The GDPR has significantly increased the compliance obligations that public bodies are subject to when sharing personal data. Equally, the risks associated with data sharing are much greater, in particular the financial penalties that can be imposed by the ICO for breaches of the rules.

However, in this day and age, data sharing is not something that public bodies can avoid. The ongoing pressures to make cost savings and to improve services that public bodies are subject to, mean that collaboration between public bodies, shared services arrangements and partnering with private and third sector contractors are par for the course.

In many cases, the sharing of personal data – often on a large scale and often involving special category personal data - will be a necessary part of such initiatives.

So how can public bodies meet their cost and service level targets whilst also ensuring compliance with the increased demands of data protection law? A good starting point is to make sure that, before embarking on any data sharing initiative, you’ve considered and addressed the issues listed below:

General public law considerations

Is the data sharing authorised under powers available to the public body? Such powers may exist under statute (some statutory gateways expressly permit the sharing of personal data, other statutes do so impliedly) or the common law?

Would the data sharing contravene any statutory prohibitions? For example, the restrictions on disclosing data relating to social benefits that are set out in the Social Security Administration Act 1992;

Would the data sharing contravene Article 8 of the European Convention on Human Rights? Here, the key requirement is that the data sharing is proportionate and justifiable;

Is the public body subject to any duties of confidence or contractual obligations that would prevent the data sharing from taking place?

1. Key GDPR considerations

  • Have clear purposes for the data sharing been identified and documented?

  • Have one or more lawful grounds for the sharing of the personal data been established? In many cases, public bodies will be able to rely upon Articles 6(1)(c) (compliance with a legal obligation) and/or 6(1)(e) (performance of a public task in the public interest). Consent and the pursuit of legitimate interests should generally be avoided by public bodies as the lawful basis for any processing.

  • If a public authority will be sharing special category personal data, which of the Article 9(2) conditions apply? When sharing special category personal data, public bodies will also need to consider the requirements of the Data Protection Act 2018, in particular the need to satisfy a Schedule 1, Part 1 or Part 2 condition.

  • How will the requirements for fairness and transparency be met? Obviously, a key aspect of this will be ensuring that, in general, the data subjects concerned have been provided with clear information about who their personal data is being shared with and for what purpose. The fairness of the data sharing in a broader sense should also be considered (e.g. would the data subjects have anticipated that their personal data would be used in this way?).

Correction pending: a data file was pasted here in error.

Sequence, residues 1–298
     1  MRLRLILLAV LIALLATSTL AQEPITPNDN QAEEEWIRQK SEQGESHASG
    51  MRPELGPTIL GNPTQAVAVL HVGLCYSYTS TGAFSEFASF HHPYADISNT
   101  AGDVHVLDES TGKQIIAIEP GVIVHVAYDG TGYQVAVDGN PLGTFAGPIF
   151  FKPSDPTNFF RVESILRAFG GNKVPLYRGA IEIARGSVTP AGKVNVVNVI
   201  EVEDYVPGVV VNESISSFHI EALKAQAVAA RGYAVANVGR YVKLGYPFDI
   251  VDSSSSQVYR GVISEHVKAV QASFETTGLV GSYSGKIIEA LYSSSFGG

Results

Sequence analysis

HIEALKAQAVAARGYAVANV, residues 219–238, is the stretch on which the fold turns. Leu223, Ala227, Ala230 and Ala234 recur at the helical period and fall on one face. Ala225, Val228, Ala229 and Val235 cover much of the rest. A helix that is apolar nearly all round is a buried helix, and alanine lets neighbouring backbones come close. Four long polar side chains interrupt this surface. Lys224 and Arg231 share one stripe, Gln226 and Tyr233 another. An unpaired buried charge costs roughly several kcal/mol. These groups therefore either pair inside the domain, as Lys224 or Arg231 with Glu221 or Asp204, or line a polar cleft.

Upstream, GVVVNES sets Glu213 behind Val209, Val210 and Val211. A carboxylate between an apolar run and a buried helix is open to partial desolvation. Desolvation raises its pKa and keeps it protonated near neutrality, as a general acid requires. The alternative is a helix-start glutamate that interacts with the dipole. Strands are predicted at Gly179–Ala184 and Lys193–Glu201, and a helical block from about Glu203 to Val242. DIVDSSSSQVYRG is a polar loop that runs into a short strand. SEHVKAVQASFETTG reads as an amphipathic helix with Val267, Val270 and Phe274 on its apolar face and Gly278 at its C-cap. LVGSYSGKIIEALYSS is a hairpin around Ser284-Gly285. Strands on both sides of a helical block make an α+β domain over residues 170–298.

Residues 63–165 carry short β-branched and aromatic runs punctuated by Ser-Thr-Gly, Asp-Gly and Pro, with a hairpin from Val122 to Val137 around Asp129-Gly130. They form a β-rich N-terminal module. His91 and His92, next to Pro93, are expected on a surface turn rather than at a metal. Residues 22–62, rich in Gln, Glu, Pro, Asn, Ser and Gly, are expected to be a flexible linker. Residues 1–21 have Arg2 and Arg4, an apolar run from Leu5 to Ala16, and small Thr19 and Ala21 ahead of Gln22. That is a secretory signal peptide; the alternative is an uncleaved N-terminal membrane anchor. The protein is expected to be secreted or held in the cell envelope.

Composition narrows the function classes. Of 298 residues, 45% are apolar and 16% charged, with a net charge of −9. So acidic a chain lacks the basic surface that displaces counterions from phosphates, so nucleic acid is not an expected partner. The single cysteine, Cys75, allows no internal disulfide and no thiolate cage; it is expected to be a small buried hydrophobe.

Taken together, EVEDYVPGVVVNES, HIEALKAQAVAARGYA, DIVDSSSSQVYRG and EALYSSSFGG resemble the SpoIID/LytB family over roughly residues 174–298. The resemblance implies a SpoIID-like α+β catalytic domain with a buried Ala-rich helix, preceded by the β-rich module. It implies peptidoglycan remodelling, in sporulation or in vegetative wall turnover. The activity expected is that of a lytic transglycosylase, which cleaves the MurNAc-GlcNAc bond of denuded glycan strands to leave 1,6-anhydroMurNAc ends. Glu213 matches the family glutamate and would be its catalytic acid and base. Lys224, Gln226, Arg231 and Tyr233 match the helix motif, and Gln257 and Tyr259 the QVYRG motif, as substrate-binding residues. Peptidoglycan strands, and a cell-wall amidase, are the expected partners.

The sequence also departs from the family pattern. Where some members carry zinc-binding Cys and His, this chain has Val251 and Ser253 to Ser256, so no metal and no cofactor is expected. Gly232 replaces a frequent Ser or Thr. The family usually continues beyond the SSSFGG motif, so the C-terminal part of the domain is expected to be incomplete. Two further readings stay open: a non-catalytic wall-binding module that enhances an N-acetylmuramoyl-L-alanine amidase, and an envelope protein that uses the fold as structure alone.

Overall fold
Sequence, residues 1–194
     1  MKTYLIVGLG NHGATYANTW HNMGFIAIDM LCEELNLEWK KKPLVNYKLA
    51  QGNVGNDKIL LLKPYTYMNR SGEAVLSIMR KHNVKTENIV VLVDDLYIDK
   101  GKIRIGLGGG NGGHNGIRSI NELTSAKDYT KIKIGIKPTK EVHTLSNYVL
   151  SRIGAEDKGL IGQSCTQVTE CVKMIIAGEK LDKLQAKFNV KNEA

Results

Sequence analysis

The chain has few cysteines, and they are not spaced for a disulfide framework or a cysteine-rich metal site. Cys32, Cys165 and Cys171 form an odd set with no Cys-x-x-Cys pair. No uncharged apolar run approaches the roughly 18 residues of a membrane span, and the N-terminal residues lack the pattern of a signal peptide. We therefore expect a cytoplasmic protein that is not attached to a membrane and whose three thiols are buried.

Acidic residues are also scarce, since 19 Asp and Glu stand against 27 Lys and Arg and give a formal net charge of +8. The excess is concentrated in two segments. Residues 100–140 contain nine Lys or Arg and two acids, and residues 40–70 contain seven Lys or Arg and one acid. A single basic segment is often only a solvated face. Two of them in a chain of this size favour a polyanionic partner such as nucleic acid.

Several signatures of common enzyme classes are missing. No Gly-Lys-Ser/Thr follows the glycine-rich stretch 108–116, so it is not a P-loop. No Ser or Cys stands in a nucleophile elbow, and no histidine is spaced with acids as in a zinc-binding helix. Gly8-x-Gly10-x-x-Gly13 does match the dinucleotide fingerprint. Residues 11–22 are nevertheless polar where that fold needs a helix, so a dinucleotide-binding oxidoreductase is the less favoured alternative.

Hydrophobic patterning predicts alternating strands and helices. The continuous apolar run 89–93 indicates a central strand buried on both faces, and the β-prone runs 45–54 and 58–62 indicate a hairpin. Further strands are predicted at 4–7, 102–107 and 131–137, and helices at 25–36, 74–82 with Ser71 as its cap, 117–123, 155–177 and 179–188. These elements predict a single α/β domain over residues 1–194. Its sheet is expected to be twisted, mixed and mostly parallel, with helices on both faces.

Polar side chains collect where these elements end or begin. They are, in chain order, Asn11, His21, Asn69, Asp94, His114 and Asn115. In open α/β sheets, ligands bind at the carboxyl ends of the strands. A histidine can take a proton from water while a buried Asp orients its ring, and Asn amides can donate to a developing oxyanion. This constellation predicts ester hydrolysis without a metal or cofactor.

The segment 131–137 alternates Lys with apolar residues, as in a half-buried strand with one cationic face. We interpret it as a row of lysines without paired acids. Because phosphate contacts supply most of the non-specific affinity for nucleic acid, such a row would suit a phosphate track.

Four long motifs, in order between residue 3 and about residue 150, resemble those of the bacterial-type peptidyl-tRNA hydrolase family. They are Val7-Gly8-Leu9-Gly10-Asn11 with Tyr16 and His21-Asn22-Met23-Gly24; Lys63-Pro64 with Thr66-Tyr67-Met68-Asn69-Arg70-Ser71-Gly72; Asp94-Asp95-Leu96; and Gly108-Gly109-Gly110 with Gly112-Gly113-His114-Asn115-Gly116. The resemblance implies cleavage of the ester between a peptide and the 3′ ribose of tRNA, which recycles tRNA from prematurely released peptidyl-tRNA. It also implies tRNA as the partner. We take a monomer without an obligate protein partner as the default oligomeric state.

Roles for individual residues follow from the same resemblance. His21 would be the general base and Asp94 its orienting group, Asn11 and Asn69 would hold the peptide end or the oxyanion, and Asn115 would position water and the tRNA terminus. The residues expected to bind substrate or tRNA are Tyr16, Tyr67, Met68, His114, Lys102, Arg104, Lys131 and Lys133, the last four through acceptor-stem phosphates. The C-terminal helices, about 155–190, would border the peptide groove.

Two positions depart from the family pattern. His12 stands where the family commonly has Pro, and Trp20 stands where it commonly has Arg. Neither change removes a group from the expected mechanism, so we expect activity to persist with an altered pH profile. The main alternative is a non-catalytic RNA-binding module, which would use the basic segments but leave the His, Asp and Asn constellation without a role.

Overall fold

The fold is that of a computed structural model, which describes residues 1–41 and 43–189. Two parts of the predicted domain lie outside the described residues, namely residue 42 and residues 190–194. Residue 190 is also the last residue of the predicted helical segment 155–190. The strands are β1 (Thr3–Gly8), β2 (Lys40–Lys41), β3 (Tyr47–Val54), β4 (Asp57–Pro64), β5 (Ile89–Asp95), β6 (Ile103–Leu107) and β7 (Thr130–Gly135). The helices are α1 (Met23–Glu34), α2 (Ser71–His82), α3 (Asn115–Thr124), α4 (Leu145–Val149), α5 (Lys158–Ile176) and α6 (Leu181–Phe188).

• How will the security and integrity of the personal data being shared be preserved? Any kind of data sharing arrangement inevitably increases the risk of a personal data breach occurring, so particular consideration should be given to this issue. The organisational and technical measures appropriate to each stage of the data sharing process should be evaluated, including the need to ensure secure transmission and storage and that access to personal data is suitably restricted.

  • How will the data minimisation, data retention and data accuracy requirements be fulfilled? Also, how will the data protection by design and default obligations be met?

  • Should a data protection impact assessment (“DPIA”) be undertaken? Although a DPIA is only mandatory in certain circumstances, undertaking a DPIA will frequently be advisable when public bodies are sharing personal data, particularly special category data, as a way of identifying and establishing ways of mitigating, key risks.

2. Protocols, arrangements and contracts

  • What contractual documentation, protocols or other written arrangements need to be put in place? To a certain extent, what is required will depend on the status of the parties: where the parties to a data sharing initiative will be processing personal data as joint controllers, the requirements of Article 26 will need to be satisfied; any controller/processor relationships must meet the requirements of Article 28 of the GDPR.

  • However, even where the parties to an arrangement are independent controllers, it will generally be advisable to put in place a written contract or data sharing protocol which sets out the rights and obligations of the organisations involved. Any such agreement should also deal with the practical aspects of the arrangement. For example: who will be responsible for communicating with data subjects; who will deal with any rights requests? what procedures must be followed if a personal data breach is identified?

  • If you’d like more information about the legal issues involved in data sharing or ways to minimise the risks, the ICO’s Data Sharing Code of Practice is a useful resource (even though it hasn’t yet been updated to take account of the GDPR).

  • If you’d like more information about the GDPR or if you need guidance to work out whether your business is acting as a data processor, please contact a member of our Information Law Team.

    Article originally posted on Local Government News.

    RELATED:INFORMATION LAW >>GDPR 12 MONTHS ON – LESSONS LEARNED >> EMPLOYMENT >>


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